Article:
It is a ‘fishy’ tale, much to do with stripes, both vertical and horizontal, leading to two species expanding to six. Peering at slow-flowing streams, followed up by morpho-metric analysis, the threesome of Sudesh Batuwita, Madura De Silva and Sampath Udugampala of the Wildlife Conservation Society, Galle (WCSG), have discovered that Sri Lanka is home [...]


Four new species of Devario discovered in Sri Lanka


It is a ‘fishy’ tale, much to do with stripes, both vertical and horizontal, leading to two species expanding to six.

From left are researchers Sudesh Batuwita, Madura De Silva and Sampath Udugampala who have been pursuing the Devario trail

Peering at slow-flowing streams, followed up by morpho-metric analysis, the threesome of Sudesh Batuwita, Madura De Silva and Sampath Udugampala of the Wildlife Conservation Society, Galle (WCSG), have discovered that Sri Lanka is home to four new species of Devario, rather than just two. Of these six species, five are endemic to the country. Morpho-metric analysis is a quantitative analysis of form, encompassing size and shape.

Identifying these freshwater fish by their distinct colour patterns and other morphological characters, the four new point-endemic (found only at a particular spot) species have been described thus:

Devario micronema which has a limited distribution in well-shaded, shallow, slow-flowing streams in the Kitulgala area, the Kelani river basin and the borders of the Kelani Valley Forest Reserve. With a higher body depth, it has 3 to 5 irregular vertical bars on the anterior half of the body; broader yellowish ‘middle (P) stripe’ in the posterior part and a prominent square-shaped process on its first infra-orbital ring. This species was first described in 1863 by Pieter Bleeker giving the type locality as ‘Ceylon’ and was known as a scientifically invalid species.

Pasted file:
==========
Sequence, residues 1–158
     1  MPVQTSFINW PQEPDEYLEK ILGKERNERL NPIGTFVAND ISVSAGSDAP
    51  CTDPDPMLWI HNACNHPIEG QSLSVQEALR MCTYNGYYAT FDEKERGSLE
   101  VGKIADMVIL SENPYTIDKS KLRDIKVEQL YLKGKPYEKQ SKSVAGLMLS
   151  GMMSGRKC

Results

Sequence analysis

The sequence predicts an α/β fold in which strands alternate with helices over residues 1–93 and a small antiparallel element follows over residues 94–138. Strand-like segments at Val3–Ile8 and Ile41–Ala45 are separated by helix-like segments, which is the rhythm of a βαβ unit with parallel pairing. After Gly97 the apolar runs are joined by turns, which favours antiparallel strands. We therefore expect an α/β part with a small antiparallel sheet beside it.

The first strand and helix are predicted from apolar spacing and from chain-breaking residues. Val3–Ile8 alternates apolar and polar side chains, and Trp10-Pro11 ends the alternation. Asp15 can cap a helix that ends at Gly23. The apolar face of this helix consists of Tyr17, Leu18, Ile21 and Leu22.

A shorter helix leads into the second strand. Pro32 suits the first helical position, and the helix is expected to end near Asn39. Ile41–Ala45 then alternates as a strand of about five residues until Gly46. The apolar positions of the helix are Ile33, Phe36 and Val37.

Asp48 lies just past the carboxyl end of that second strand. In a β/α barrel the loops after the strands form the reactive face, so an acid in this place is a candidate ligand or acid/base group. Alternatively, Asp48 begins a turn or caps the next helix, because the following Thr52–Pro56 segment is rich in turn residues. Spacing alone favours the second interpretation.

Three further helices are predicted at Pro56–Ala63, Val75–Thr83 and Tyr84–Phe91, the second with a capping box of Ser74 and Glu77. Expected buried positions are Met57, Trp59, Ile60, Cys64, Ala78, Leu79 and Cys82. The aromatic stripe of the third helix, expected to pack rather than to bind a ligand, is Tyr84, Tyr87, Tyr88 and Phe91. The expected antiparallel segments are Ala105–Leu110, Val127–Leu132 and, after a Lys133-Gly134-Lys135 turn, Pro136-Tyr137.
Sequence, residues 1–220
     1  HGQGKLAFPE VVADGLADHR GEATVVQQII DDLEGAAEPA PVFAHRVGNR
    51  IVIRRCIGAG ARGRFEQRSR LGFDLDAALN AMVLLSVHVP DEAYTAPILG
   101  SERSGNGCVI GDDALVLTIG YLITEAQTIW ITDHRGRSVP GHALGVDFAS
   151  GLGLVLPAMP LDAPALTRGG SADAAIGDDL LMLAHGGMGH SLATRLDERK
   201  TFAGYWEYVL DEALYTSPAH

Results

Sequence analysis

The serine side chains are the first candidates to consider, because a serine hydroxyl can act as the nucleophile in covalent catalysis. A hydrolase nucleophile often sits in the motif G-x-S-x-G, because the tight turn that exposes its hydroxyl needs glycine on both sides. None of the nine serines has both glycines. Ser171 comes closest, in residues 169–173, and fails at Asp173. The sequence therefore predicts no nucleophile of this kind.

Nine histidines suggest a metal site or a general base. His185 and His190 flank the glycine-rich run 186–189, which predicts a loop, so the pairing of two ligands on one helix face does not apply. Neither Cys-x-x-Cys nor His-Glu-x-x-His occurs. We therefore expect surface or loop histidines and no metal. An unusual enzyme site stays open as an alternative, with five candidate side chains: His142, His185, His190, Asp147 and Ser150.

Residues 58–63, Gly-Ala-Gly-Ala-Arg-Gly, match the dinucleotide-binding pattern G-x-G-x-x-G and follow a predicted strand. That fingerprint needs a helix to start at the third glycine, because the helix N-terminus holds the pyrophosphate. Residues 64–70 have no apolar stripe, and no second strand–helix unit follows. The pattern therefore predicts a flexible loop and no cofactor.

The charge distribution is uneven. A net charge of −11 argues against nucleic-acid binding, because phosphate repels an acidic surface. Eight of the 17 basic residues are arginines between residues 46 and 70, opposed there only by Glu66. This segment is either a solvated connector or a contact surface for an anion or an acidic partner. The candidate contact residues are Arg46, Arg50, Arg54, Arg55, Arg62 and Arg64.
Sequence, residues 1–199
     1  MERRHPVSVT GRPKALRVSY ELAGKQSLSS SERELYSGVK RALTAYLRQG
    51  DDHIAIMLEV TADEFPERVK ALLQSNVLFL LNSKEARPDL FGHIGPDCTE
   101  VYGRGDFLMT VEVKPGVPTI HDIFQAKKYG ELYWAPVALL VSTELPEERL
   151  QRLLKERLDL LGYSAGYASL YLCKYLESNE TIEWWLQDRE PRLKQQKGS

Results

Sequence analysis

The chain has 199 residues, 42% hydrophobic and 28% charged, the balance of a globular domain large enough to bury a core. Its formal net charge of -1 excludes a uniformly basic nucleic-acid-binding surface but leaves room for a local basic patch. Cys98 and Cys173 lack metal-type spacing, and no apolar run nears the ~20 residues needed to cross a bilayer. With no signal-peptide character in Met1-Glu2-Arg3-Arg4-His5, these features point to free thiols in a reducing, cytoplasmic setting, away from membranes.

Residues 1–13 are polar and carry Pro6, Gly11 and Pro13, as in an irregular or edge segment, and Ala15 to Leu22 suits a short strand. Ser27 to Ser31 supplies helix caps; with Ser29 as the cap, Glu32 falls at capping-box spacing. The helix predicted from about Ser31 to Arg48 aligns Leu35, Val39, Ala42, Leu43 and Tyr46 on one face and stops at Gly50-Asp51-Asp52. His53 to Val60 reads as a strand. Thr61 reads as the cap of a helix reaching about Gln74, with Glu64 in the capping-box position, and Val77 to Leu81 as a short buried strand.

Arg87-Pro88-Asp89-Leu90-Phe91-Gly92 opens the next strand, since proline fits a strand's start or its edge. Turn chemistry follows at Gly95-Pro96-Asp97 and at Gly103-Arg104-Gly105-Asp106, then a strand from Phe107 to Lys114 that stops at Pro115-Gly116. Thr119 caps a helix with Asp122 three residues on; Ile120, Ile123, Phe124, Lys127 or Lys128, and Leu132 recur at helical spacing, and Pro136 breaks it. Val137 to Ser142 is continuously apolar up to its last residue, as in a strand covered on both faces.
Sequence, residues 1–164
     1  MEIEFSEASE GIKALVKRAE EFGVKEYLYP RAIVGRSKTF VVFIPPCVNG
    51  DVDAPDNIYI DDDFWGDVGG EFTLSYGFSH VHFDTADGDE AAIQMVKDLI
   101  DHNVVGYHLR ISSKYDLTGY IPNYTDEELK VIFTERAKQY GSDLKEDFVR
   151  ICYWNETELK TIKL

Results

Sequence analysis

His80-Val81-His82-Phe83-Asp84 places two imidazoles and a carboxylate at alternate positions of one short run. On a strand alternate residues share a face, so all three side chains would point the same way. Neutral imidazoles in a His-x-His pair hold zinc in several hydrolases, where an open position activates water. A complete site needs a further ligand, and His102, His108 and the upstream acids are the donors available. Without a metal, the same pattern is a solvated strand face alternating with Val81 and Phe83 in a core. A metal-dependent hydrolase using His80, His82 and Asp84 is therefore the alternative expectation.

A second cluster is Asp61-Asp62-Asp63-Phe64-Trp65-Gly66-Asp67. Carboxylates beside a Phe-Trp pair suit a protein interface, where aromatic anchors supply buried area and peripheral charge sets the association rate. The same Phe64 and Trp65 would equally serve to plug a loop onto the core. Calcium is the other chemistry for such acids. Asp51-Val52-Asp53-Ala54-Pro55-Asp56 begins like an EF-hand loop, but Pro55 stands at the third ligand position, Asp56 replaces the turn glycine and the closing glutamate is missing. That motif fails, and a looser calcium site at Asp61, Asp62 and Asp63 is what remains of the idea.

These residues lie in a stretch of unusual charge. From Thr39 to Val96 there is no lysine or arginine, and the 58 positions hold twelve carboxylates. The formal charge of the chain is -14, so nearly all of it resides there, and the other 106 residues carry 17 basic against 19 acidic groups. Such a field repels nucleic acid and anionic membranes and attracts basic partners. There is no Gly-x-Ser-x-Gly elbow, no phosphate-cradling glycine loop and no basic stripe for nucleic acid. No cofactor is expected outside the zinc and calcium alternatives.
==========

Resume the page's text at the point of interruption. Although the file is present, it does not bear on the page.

Devario monticola which is confined to Agra oya, a tributary of the upper reaches of the Mahaweli river in the central hills, is an endemic fish which is being recorded from the highest elevation in Sri Lanka. It can be distinguished by 4 to 5 dark, irregular, vertical bars restricted to the anterior half of the body, while the ‘lower (P-1) stripe’ is narrower than the ‘middle (P) stripe’.

Devario udenii is found in the upper reaches of the Gin river basin, in the Homadola stream in Udugama and has been named after Prof. Udeni Edirisinghe of the University of Peradeniya for his immense service to ichthyology and animal science. This fish can be distinguished by 5 to 6 dark, irregular, broad, vertical bars anterior to the level of the dorsal-fin origin and a ‘lower (P-1) stripe’ equal in width to the ‘middle (P) stripe’.

Devario annnataliae is also found in the upper reaches of the Gin river basin, but is restricted to the torrents close to the foot of the Brahmana Ella waterfall in the Sinharaja World Heritage Site. It has been named after the late wildlife enthusiast, Natalie Ann Ratnawira (February 14, 1990-June 23, 2012) for her contribution to the welfare and conservation of wild animals since her childhood. Its distinctive marks are the lower body depth, the pale yellow body and the 5 to 6 irregular and dark blue vertical bars on the anterior-half of the body.

The research has been published in the 2017 volume of the scientific journal, ‘Fish Taxa’.

Devario monticola

Before the latest discoveries, Sri Lanka boasted of the endemic D. pathirana with a very limited distribution at a few points of the Nilwala river basin and the native D. malabaricus with a wider distribution throughout the country. D. pathirana has been categorized as ‘Critically Endangered’ in the 2012 Red List, while D. malabaricus falls under the ‘Least Concern’ category.

The existence of another species, the endemic D. aequipinnatus, meanwhile, has not been clear and the taxonomic status doubtful. It was thought to be restricted to the Knuckles mountain range and categorized as ‘Critically Endangered’ but with the latest research and publication of this paper, the record of D. aequipinnatus has become invalid.